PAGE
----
How Are Federal Resumes Different?
Monster Federal Career Coach by Kathryn Troutman
March 03, 2008
How are Federal Government resumes different then your usual job resume? We’ve got the answers for you.
Monster member twilliams 406 asks: I have a private-sector resume that I think looks pretty good; can I keep anything from it when I write my federal resume, or is it better to start from scratch?
The Federal Career Coach responds: You might be able to keep some of the language, but chances are you’ll need to build and add more content to your resume for it to match government vacancy announcements as well as make the most of your federal job search. If you find two or three jobs that look interesting, look at the language that outlines the duties and try to use some of those words as resume keywords.
Submitting a private-industry resume is a common error. The job seeker knows he’s qualified ou’ll have to describe your work in more detail. The one-line bullet point that you might have used in your private-sector resume will become four or six lines or four sentences.
For example, on a private-sector resume, you might have a bullet that says: “Led a team of 12 project coordinators, writers and editors.” On your federal resume, you can say: “Led a team of 12, delegated tasks to the various team members, planned agendas for meetings, reviewed work, trained staff in carrying out project loads, resolved problems, prepared briefings for senior officials based on project deadlines, established benchmarks.”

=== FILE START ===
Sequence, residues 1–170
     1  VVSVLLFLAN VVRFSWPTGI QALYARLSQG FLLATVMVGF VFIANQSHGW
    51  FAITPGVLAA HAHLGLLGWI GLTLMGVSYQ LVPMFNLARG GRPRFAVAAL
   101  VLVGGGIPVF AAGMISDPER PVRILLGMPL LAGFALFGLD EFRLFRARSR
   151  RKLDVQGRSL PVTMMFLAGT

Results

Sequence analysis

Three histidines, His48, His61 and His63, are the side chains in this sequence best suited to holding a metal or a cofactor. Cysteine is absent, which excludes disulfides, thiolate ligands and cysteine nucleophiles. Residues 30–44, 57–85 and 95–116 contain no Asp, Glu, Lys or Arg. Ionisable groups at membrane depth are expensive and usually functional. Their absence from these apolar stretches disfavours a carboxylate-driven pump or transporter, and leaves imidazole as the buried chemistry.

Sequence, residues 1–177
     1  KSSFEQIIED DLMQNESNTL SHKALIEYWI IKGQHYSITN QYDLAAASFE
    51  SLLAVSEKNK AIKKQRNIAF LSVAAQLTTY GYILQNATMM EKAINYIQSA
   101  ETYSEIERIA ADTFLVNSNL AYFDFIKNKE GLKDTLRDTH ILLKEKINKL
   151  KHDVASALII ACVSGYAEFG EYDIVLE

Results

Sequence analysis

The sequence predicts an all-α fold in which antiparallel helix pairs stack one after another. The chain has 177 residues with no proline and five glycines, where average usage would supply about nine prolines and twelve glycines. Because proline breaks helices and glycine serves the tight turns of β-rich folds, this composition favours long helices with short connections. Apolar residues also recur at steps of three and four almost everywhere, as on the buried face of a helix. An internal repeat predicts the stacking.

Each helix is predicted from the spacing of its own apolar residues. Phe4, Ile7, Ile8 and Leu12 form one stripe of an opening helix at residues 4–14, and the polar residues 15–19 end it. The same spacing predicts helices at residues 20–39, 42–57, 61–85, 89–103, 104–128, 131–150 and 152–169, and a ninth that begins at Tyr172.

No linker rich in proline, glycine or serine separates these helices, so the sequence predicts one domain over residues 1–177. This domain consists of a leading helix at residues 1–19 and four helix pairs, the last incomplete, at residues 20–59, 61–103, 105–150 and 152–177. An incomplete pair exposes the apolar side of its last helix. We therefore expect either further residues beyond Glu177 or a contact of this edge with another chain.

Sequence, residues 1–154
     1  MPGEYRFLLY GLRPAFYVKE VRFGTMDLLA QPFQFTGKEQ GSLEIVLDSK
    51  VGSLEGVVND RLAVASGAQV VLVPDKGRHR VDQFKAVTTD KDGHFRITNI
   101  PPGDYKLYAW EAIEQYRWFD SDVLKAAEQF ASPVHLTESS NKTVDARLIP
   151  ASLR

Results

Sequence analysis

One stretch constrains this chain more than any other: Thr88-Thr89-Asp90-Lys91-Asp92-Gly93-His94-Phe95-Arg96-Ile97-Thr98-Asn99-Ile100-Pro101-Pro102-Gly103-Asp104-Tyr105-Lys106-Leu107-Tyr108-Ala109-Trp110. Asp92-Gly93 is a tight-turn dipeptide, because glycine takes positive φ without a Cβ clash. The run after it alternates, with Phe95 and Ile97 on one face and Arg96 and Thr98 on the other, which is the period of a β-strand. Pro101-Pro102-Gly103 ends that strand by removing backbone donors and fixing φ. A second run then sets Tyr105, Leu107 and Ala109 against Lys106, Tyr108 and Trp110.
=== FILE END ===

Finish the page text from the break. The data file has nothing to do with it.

It almost sounds like your federal resume should sound like what you would say in a private-sector interview, where someone reads a bullet point on your resume and says, “Could you explain this?”
That’s a very good point. It’s more of an expanded written/verbal resume. In fact, a government resume is considered to be the application, an examination, because they examine the resume to ensure you’re qualified. And sometimes government hiring managers don’t interview — they hire based on what they see on the resume.